The resolution reduction module 18 determines respective reduced-resolution blur models that are representative of blur in the local input image regions based on the corresponding blur parameter values (FIG. 8, block 52). In some embodiments, the blur models correspond to respective regions of a reduced-resolution base image that are blurred by respective amounts that are determined by the corresponding blur parameter values. In other embodiments, the blur models correspond to downsampled versions of the local input image regions that are filtered by respective blur filters, where the amount of blur produced by the blur filters is set by the corresponding blur parameter values.

In some embodiments, the thumbnail image production module 20 may synthesize the thumbnail image 9 from the reduced-resolution blur models, each of which corresponds to a respective local region of the thumbnail image 9. Additional details regarding the construction and operation of these embodiments are described in the disclosure relating to FIGS. 6-8 in co-pending U.S. patent application Ser. No. 11/607,181, which was filed Dec. 1, 2006.

B. Modeling Noise in Local Input Image Regions

FIG. 9 shows an embodiment of a method by which the input image processing system 10 models noise in local regions of the input image 7. FIG. 10 shows a flow diagram of information generated at various stages of this noise modeling method.

In accordance with the noise modeling method of FIG. 9, the visual feature analysis module 16 determines an input image noise model 84 representative of noise in the input image 7 (FIG. 9, block 86). In some embodiments, the visual feature analysis module 16 derives the input image noise model 84 from estimates of the noise variance in the input image 7. In some of these embodiments, the input image noise model is generated by computing a high-pass filtered version the input image 7 and applying a soft threshold to the resulting high-pass filtered image, where the threshold is set based on a global estimate of the noise in the input image 7.

The resolution reduction module 18 produces a reduced-resolution noise model 88 from the input image noise model 84 (FIG. 9, block 90). In some embodiments, the resolution reduction module 18 produces the reduced-resolution noise model 88 by down-sampling the input image noise model 84 to the target pixel resolution level of the thumbnail image 9. In some of these embodiments, the resolution reduction module 18 sub-samples the input image noise model 84 on a jittered grid to produce the reduced-resolution noise model 88 (see, e.g., Robert L. Cook, “Stochastic Sampling in Computer Graphics,” ACM Transactions on Graphics (TOG), Volume 5, Issue 1, pp. 51-72 (January 1986)).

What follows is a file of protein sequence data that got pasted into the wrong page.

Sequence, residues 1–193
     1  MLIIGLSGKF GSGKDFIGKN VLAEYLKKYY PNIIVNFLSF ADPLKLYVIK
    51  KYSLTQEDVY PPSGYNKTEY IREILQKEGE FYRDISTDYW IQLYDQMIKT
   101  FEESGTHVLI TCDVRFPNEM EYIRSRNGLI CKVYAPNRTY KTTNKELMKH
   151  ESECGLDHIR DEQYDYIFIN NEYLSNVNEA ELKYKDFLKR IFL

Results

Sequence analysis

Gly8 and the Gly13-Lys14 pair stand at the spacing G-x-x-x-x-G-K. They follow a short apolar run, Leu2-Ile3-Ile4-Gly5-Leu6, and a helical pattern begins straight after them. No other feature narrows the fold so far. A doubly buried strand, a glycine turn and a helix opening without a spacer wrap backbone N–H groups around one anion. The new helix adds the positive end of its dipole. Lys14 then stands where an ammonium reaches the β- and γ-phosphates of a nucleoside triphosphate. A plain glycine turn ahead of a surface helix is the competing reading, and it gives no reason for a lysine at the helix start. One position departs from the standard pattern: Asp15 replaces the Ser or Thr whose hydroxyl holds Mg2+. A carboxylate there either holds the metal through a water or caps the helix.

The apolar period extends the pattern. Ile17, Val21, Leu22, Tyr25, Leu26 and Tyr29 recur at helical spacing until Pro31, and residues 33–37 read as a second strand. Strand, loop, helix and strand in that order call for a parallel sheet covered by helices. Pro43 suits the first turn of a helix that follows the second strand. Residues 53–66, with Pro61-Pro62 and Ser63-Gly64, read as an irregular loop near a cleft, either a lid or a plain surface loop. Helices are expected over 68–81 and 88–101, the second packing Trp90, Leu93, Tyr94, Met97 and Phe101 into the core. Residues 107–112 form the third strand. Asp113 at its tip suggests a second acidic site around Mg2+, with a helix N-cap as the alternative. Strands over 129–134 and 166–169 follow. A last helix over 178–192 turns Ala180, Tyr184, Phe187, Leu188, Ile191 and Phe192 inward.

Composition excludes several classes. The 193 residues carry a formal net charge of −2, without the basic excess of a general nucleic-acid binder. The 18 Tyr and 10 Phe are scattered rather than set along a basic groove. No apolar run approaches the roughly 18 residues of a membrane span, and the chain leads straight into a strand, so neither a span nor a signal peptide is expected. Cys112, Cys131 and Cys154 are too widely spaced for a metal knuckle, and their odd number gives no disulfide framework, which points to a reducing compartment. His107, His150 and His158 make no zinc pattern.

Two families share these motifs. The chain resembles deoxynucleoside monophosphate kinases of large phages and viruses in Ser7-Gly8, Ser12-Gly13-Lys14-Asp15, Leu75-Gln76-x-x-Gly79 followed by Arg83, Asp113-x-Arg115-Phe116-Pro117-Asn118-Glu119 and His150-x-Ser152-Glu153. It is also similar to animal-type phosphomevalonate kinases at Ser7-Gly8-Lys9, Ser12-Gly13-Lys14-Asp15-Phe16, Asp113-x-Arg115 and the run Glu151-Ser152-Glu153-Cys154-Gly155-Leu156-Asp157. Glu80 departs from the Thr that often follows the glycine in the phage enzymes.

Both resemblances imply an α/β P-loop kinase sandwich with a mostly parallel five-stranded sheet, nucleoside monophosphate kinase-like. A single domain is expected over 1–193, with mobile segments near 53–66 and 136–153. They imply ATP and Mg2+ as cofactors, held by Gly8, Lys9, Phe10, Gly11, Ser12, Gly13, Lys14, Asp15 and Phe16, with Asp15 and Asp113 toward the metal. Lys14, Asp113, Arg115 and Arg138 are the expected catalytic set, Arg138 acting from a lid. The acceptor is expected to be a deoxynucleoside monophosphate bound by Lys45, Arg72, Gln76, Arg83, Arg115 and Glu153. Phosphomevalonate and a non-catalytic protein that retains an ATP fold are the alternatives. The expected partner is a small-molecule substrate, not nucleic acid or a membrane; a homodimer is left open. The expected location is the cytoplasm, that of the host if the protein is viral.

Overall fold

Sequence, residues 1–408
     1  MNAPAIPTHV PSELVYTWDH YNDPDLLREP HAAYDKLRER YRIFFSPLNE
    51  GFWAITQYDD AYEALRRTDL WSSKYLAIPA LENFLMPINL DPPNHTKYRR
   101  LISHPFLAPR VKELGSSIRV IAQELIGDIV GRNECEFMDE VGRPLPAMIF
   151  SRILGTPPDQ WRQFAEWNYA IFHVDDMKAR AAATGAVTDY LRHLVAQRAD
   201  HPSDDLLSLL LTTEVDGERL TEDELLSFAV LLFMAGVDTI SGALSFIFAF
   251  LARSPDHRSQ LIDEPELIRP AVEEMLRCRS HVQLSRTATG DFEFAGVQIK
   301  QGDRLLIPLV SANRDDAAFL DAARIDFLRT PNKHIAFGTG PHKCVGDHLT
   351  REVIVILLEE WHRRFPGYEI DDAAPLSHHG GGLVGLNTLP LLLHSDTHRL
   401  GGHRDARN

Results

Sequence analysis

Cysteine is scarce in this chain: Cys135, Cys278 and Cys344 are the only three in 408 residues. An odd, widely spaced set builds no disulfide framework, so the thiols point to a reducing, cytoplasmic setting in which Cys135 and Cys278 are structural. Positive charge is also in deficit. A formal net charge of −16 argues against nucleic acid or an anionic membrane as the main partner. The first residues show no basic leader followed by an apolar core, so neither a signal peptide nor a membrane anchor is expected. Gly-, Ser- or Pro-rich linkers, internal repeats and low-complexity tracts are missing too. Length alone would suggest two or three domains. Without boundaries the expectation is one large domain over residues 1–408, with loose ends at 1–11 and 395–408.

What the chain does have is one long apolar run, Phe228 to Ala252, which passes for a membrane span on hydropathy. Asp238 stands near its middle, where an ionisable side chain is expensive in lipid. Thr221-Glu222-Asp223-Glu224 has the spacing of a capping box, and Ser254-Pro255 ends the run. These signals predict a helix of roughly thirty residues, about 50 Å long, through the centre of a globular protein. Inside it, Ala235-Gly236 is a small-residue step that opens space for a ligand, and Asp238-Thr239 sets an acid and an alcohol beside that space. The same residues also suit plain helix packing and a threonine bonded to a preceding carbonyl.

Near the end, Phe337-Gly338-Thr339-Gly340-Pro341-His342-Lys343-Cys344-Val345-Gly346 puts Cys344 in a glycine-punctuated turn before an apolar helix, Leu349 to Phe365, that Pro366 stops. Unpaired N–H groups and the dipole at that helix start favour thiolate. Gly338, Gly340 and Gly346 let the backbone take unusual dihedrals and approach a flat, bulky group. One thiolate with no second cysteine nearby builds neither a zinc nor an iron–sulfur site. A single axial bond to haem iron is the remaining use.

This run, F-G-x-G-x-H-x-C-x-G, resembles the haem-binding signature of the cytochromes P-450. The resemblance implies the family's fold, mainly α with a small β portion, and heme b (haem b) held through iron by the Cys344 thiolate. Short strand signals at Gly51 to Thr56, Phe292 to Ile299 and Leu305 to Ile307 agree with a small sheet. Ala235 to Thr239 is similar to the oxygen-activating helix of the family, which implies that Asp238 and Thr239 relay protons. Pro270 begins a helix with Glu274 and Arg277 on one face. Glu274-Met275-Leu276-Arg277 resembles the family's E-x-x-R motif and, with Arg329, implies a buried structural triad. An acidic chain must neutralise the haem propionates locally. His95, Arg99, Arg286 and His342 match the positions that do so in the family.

The thumbnail image production module 20 produces the thumbnail image 9 based on the reduced-resolution noise model (FIG. 9, block 92). In the illustrated embodiment, the thumbnail image production module 20 combines the reduced-resolution noise model 88 with a base image 94 to produce the thumbnail image 9. In some embodiments, the thumbnail image production module 20 adds the values of the pixels in the reduced-resolution noise model 88 to the values of corresponding pixels of the base image 94.

In some embodiments, the base image 94 corresponds to a standard thumbnail image that is produced by low-pass filtering and down-sampling the input image 7 to the target pixel resolution of the thumbnail image 9. In other embodiments, the base image 94 corresponds to a reduced-resolution version of the input image 7 that incorporates one or more reduced-resolution visual representations of corresponding ones of the local regions of the input image 7 in accordance with the embodiments described herein. For example, in one exemplary embodiment, the base image 94 corresponds to the reduced-resolution blur image 82 shown in FIG. 8.

Another method of generating the noise that has similar appearance to the noise in the input image involves estimating noise model parameters such as variance and spatial covariance from the input image, and then simulating a noise process that has these characteristic parameters by using filtered pseudo-random numbers.

In some embodiments, bleed-through is modeled using a modified version of one of the above-described noise modeling methods in which the noise modeling parameters are selected based on an analysis of the thumbnails produced from a set of input images that include bleed-through and selecting a set of noise modeling parameters that produce output thumbnail images that best depict the bleed-though contained in the input images.